Near the beginning of the final episode of Ellen DeGeneres’ talk show, the host found herself sadly, solemnly dancing.
Wiping away tears, DeGeneres stomped up the steps of her stage’s audience section, embracing members of the crowd wearily, mouthing the lyrics “you’ve got the best of my love” — even as it seemed evident from her demeanor that her guests had what was left of it. This was an admirable concession to routine from a host who has made her name through nimble footwork: Redefining herself as a broadcast-ready daytime host after the 1990s sitcom “Ellen” was canceled shortly after her public coming-out, DeGeneres embraced cute rubber-soled jiving as a way to express her desire to seem relatable. But it seemed, too, like a summation of what DeGeneres had been through, and what she is now giving up. For one last time, she was going through the motions.
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DeGeneres’ daytime talk show, which was to air its last episode May 26, cemented the star’s legacy. It turned her from a pop-culture casualty — the woman who came out as a lesbian on her sitcom, and landed the cover of Time, only to see doors shut in her face throughout the industry — into a person with the voltage to meet presidents, host the Oscars twice, and have a presence in American households each day. It also has worked against her. DeGeneres’ dry and cutting ‘90s comic persona may have been a more natural fit than her attempts to channel Oprah in urging her audience to be kind, not least because reporting about the climate on her set suggests kindness has not always been paramount at DeGeneres’ show. DeGeneres’ impact on the LGBTQ rights movement in this country is real; the movement of kindness she attempted to launch in her second act has been facing a new wave of legitimate skepticism.
Of course, there was no hint of that from DeGeneres’ final outing, unless you were carefully monitoring denials. “You are as kind as you seem,” recording artist Pink insisted to DeGeneres; what a normal thing to say. A montage presented by Jennifer Aniston — the first guest on “The Ellen DeGeneres Show” when it launched in 2003 — spotlit not merely the host’s A-list friends (including Michelle Obama, twice) but the people to whom she gave oversized checks, and an outsized platform. Even if DeGeneres lacks her obvious role model Oprah Winfrey’s particular skill for making a moment stick in public memory, she certainly matches Winfrey in terms of her sense of her platform as one that could be used to make change.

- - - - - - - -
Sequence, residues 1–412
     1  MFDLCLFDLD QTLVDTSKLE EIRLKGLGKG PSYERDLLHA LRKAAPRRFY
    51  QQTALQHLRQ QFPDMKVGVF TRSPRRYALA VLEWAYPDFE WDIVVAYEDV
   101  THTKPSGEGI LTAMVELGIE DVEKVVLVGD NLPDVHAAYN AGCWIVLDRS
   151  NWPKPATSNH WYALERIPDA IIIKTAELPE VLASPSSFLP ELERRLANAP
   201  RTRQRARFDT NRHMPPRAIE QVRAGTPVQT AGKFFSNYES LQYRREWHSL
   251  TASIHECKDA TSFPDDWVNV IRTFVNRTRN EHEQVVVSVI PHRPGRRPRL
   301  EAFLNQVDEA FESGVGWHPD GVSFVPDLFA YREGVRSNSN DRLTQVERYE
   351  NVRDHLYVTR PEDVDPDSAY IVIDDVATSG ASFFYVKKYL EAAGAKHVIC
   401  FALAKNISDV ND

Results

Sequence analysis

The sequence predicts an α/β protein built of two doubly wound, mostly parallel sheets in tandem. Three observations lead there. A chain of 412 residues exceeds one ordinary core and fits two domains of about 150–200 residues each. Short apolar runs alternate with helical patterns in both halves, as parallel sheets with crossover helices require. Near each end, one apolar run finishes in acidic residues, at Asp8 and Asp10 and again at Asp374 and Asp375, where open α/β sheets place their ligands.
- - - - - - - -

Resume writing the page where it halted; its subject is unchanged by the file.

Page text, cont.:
DeGeneres used her show to help people out in a material way, and to provide wedding-playlist uplift to viewers at home. She also continued to move things forward in a lower-key manner: Over the course of the finale, DeGeneres acknowledged that, though initially bound from even mentioning her sexuality on her talk show, she was gradually able to discuss her relationship and eventual marriage to Portia de Rossi. But the point-of-view that led ABC to cancel her primetime sitcom decades ago feels, in her talk show’s closing statement, vague and absent. Aniston, Pink, and Billie Eilish (seemingly chosen to punch the point, repeatedly, that the 20-year-old Eilish was a baby when the show launched) were rushed through their interviews, in which they briefly and urgently praised DeGeneres before things moved on.
“The Ellen DeGeneres Show” has given its host remarkable access to the people who are now her peers in the industry; I was struck by a recent episode of Hulu’s “The Kardashians” that featured a Kardashian-Jenner family-only dinner party with DeGeneres wandering around in the background, uncertainly inserting herself into sisterly conversations preserved on-camera, somewhere between clan member and household ghost.
The Kardashians were regular guests on DeGeneres’ show, using it as a key waystation in their very public lives; they’re not the only celebrities for whom DeGeneres’ we’re-all-friends-here approach has been appealing. (Aniston noted, seemingly somewhat startled by the numbers, that she’d been on the show 20 times in its 19 seasons.) But there are new venues for such friendly chats. Drew Barrymore’s and Kelly Clarkson’s shows, in particular, take the philosophy of amiability and apply to it real perspective and personality. They seem consistently thrilled to be where they are; DeGeneres has too often lately seemed self-impressed for giving her guests her platform.
DeGeneres’ next act remains to be written: She may well have 19 years’ worth of untrammeled comedy built up within her. But her impact on TV remains unclear. It’s apparent that her daily presence on television helped normalize queer people; it feels less certain that there will ever be a show quite like hers again — one that feels quite so flat in its embrace of celebrity as a good in and of itself. Going forward, we will be without Ellen DeGeneres’ perspective — but that’s OK. We didn’t have much of it, other than a general sense that kindness is good, for the past 19 years.
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